U.S. President Joe Biden says he is mystified about continuing opposition by some Americans to getting vaccinated against the coronavirus, particularly among Republicans who opposed his election.
"I honest to God thought that, once we guaranteed we had enough vaccine for everybody, things would start to calm down,” Biden told ABC News on Tuesday. “Well, they have calmed down a great deal.”
Still, Biden told ABC anchor George Stephanopoulos, “I don't quite understand – you know – I just don't understand this sort of macho thing about, 'I'm not gonna get the vaccine. I have a right as an American, my freedom to not do it.'
“Well, why don't you be a patriot? Protect other people,” Biden said.
Biden, who was inoculated before his inauguration two months ago, said getting vaccinated let him show Americans it is safe and also was personally satisfying "because I can hug my grandkids now."
"They come over to the house,” the president said. “I can see them. I'm able to be with them."
More than 35 million Americans are fully vaccinated, about 13% of adult Americans. Former President Donald Trump and his wife Melania were both vaccinated before he left office.
On Tuesday, Trump told Fox News, "I would recommend it, and I would recommend it to a lot of people that don't want to get it, and a lot of those people voted for me, frankly.”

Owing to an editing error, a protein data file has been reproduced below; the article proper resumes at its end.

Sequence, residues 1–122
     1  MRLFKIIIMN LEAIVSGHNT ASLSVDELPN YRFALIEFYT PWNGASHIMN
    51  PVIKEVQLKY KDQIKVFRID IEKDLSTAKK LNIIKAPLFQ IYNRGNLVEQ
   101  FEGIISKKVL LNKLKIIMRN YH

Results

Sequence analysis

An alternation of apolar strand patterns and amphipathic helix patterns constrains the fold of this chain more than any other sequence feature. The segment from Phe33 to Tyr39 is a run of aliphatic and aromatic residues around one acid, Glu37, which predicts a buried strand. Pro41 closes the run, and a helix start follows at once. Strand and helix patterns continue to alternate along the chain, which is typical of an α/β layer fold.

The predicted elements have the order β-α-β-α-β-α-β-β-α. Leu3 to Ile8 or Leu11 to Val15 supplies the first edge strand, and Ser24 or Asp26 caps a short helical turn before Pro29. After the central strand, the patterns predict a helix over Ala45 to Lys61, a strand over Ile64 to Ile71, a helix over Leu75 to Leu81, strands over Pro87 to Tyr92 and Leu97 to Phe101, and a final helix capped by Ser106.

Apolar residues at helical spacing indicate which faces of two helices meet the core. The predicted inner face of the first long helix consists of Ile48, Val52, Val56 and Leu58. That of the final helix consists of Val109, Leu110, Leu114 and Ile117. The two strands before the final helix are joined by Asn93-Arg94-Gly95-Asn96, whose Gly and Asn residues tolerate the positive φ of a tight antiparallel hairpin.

However, he added, "But you know, again, we have our freedoms, and we have to live by that, and I agree with that also.”
Dr. Anthony Fauci, Biden’s top medical adviser and the country’s top infectious-disease expert, told NBC’s “Meet the Press” show last Sunday that anyone’s reluctance to getting vaccinated was “disturbing” and makes “absolutely no sense.”
Three recent national polls showed that Republicans who voted for Trump were far more reluctant to get vaccinated than Democrats who supported Biden.
A recent NPR/PBS/Marist poll found that 47% of Trump voters and 41% of Republicans said they will not get a shot when eligible.
A CBS News poll in recent days found 33% of Republicans won’t get inoculated when it becomes available to them, while just 10% of Democrats took the same view. A Monmouth University found 59% of Republicans were either hesitant to get vaccinated or said they would likely never get inoculated. By contrast, 23% of Democrats felt the same way.
Fauci called the political split on vaccinations baffling.
“It makes absolutely no sense,” he said. “We’ve got to dissociate political persuasion from what’s common sense, no-brainer, public health things.”